Therapy and outcome of orbital primitive neuroectodermal tumor

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  • REFERENCES

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    Therapy and Outcome of Orbital Primitive Neuroectodermal Tumor

    Sameer Bakhshi, MD,1,2,3* Rachna Meel, MD,3,4,5 Syed Ghaffar Hasan Naqvi, MBBS,1,2,3 B.K. Mohanti, MD,2,3,6

    Seema Kashyap, MD,3,5,7 Neelam Pushker, MS,3,4,5 and Seema Sen, MD3,5,7

    INTRODUCTION

    Peripheral primitive neuroectodermal tumor (PNET) along with

    Ewing sarcoma is clubbed under the Ewing sarcoma family of

    tumors [1]. Peripheral PNET is a group of soft tissue malignancies

    that usually affects children and adolescents and represents 4% of

    all childhood and adolescent soft tissue tumors [24]. It is most

    commonly seen in the thoracopulmonary region followed by

    head and neck region [5]. Primary PNET in the orbit are rare with

    only 10 cases reported in English literature to the best of our

    knowledge [614].

    METHODS

    Retrospective data analysis of primary orbital PNET treated at a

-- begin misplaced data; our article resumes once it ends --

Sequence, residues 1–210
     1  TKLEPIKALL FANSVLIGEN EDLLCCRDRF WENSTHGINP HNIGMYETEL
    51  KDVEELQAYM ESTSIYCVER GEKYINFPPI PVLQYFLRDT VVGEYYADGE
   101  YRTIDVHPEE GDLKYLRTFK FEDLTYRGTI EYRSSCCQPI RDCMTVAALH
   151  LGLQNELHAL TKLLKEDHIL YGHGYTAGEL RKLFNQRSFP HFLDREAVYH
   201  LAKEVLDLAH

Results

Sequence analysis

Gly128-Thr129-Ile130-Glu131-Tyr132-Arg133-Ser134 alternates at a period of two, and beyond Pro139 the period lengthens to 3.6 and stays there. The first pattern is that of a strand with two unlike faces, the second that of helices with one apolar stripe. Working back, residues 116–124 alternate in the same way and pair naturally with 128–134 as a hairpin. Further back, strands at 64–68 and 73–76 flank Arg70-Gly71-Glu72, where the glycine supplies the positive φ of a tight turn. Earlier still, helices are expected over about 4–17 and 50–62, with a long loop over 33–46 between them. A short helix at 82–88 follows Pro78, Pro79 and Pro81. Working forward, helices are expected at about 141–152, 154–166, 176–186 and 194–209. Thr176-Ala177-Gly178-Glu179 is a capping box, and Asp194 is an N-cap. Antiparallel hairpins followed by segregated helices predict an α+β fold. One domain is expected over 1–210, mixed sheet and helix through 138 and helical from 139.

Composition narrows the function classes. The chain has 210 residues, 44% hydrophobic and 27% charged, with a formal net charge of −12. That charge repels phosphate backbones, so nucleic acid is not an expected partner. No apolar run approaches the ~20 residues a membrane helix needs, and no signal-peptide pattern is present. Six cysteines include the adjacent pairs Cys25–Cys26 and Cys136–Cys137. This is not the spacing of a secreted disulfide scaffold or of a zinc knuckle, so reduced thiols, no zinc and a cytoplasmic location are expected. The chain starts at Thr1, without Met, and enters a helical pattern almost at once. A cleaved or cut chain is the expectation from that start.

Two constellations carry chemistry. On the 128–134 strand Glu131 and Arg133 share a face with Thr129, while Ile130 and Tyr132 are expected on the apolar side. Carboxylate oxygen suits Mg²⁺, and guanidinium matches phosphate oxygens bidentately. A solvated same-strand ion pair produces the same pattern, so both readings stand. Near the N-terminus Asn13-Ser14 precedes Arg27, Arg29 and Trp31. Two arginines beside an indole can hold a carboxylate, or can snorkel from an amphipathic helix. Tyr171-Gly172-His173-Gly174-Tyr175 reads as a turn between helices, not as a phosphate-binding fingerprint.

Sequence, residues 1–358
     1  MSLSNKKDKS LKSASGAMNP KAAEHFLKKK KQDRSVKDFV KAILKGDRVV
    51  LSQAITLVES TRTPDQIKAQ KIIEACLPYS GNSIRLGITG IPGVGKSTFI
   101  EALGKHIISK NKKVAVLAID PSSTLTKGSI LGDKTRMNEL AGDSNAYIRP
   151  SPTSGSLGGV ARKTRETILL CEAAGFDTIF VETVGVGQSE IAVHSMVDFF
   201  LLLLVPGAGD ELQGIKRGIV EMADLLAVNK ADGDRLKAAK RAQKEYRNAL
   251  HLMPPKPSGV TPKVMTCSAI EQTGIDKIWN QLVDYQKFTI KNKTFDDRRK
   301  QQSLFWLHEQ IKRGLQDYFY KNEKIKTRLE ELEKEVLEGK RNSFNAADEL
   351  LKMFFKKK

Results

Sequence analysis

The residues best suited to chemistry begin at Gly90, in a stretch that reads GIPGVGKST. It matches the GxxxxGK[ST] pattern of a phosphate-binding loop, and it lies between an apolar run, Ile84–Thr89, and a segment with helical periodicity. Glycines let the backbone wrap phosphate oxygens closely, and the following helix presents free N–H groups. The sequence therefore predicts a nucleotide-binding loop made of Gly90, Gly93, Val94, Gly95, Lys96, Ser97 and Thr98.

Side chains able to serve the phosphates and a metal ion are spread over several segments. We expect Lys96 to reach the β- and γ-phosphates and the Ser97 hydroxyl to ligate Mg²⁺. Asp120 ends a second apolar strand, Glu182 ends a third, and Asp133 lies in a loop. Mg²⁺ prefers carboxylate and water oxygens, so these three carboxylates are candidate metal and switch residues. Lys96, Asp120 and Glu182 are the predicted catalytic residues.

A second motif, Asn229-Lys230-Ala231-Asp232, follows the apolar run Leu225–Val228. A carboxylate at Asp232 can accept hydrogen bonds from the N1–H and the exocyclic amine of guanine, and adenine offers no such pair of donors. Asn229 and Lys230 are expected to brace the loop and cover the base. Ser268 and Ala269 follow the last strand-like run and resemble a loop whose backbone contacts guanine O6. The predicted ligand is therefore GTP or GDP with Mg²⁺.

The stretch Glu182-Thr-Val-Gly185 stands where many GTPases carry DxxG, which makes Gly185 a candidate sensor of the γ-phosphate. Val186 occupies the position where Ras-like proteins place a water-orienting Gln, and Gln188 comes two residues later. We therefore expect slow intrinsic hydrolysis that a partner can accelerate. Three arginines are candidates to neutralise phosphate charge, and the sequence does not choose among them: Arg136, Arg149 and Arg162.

tertiary care cancer center ofAll India Institute ofMedical Sciences,

    between June 2003 and June 2008, was undertaken. Patients

    Primary orbital primitive neuroectodermal tumor (PNET) is rarewith no reported series. We report six cases of orbital PNET treated ata tertiary care oncology center in northern India from 2003 to2008. None of them had distant metastases. All were treated withneoadjuvant chemotherapy followed by exenteration in two, radio-therapy and adjuvant chemotherapy in ve cases. Three out of six

    achieved complete remission at end of therapy with globe salvage inthree and vision in two cases. Chemoradiotherapy may help usto avoid mutilating surgery in large or locally advanced tumors,allowing preservation of vision or the globe. Pediatr Blood Cancer2009;52:544547. 2008 Wiley-Liss, Inc.